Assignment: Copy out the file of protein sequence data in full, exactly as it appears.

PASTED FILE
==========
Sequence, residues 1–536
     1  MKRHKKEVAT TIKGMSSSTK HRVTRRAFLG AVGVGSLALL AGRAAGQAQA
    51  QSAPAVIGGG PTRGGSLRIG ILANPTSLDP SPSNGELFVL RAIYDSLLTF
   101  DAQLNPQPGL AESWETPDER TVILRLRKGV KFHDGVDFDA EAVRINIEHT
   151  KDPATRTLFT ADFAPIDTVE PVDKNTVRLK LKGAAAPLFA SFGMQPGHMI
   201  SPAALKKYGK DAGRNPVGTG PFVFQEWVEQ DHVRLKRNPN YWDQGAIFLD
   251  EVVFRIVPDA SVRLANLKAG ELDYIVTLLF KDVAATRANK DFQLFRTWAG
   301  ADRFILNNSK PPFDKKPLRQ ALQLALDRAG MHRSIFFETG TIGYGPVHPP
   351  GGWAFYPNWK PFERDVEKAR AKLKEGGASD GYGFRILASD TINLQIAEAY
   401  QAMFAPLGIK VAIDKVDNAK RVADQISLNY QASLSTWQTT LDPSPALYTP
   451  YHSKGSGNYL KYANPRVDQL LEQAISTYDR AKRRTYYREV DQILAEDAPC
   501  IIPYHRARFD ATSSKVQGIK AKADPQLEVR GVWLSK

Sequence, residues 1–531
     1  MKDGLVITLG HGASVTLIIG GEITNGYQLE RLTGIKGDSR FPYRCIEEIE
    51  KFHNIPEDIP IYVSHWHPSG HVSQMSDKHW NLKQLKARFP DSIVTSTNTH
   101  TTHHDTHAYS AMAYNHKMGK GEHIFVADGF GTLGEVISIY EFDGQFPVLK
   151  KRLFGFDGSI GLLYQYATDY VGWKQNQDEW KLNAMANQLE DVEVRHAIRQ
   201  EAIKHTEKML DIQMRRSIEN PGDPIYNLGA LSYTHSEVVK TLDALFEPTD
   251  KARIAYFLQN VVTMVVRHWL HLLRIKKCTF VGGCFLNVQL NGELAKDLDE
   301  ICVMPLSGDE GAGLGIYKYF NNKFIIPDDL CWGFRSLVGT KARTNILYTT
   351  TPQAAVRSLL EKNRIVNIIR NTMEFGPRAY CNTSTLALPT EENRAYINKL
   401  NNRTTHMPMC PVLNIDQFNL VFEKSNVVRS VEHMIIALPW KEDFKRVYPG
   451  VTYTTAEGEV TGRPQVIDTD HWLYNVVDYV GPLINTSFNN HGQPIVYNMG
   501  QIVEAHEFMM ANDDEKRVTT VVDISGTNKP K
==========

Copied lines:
Sequence, residues 1–536
     1  MKRHKKEVAT TIKGMSSSTK HRVTRRAFLG AVGVGSLALL AGRAAGQAQA
    51  QSAPAVIGGG PTRGGSLRIG ILANPTSLDP SPSNGELFVL RAIYDSLLTF
   101  DAQLNPQPGL AESWETPDER TVILRLRKGV KFHDGVDFDA EAVRINIEHT
   151  KDPATRTLFT ADFAPIDTVE PVDKNTVRLK LKGAAAPLFA SFGMQPGHMI
   201  SPAALKKYGK DAGRNPVGTG PFVFQEWVEQ DHVRLKRNPN YWDQGAIFLD
   251  EVVFRIVPDA SVRLANLKAG ELDYIVTLLF KDVAATRANK DFQLFRTWAG
   301  ADRFILNNSK PPFDKKPLRQ ALQLALDRAG MHRSIFFETG TIGYGPVHPP
   351  GGWAFYPNWK PFERDVEKAR AKLKEGGASD GYGFRILASD TINLQIAEAY
   401  QAMFAPLGIK VAIDKVDNAK RVADQISLNY QASLSTWQTT LDPSPALYTP
   451  YHSKGSGNYL KYANPRVDQL LEQAISTYDR AKRRTYYREV DQILAEDAPC
   501  IIPYHRARFD ATSSKVQGIK AKADPQLEVR GVWLSK

Sequence, residues 1–531
     1  MKDGLVITLG HGASVTLIIG GEITNGYQLE RLTGIKGDSR FPYRCIEEIE
    51  KFHNIPEDIP IYVSHWHPSG HVSQMSDKHW NLKQLKARFP DSIVTSTNTH
   101  TTHHDTHAYS AMAYNHKMGK GEHIFVADGF GTLGEVISIY EFDGQFPVLK
   151  KRLFGFDGSI GLLYQYATDY VGWKQNQDEW KLNAMANQLE DVEVRHAIRQ
   201  EAIKHTEKML DIQMRRSIEN PGDPIYNLGA LSYTHSEVVK TLDALFEPTD
   251  KARIAYFLQN VVTMVVRHWL HLLRIKKCTF VGGCFLNVQL NGELAKDLDE
   301  ICVMPLSGDE GAGLGIYKYF NNKFIIPDDL CWGFRSLVGT KARTNILYTT
   351  TPQAAVRSLL EKNRIVNIIR NTMEFGPRAY CNTSTLALPT EENRAYINKL
   401  NNRTTHMPMC PVLNIDQFNL VFEKSNVVRS VEHMIIALPW KEDFKRVYPG
   451  VTYTTAEGEV TGRPQVIDTD HWLYNVVDYV GPLINTSFNN HGQPIVYNMG
   501  QIVEAHEFMM ANDDEKRVTT VVDISGTNKP K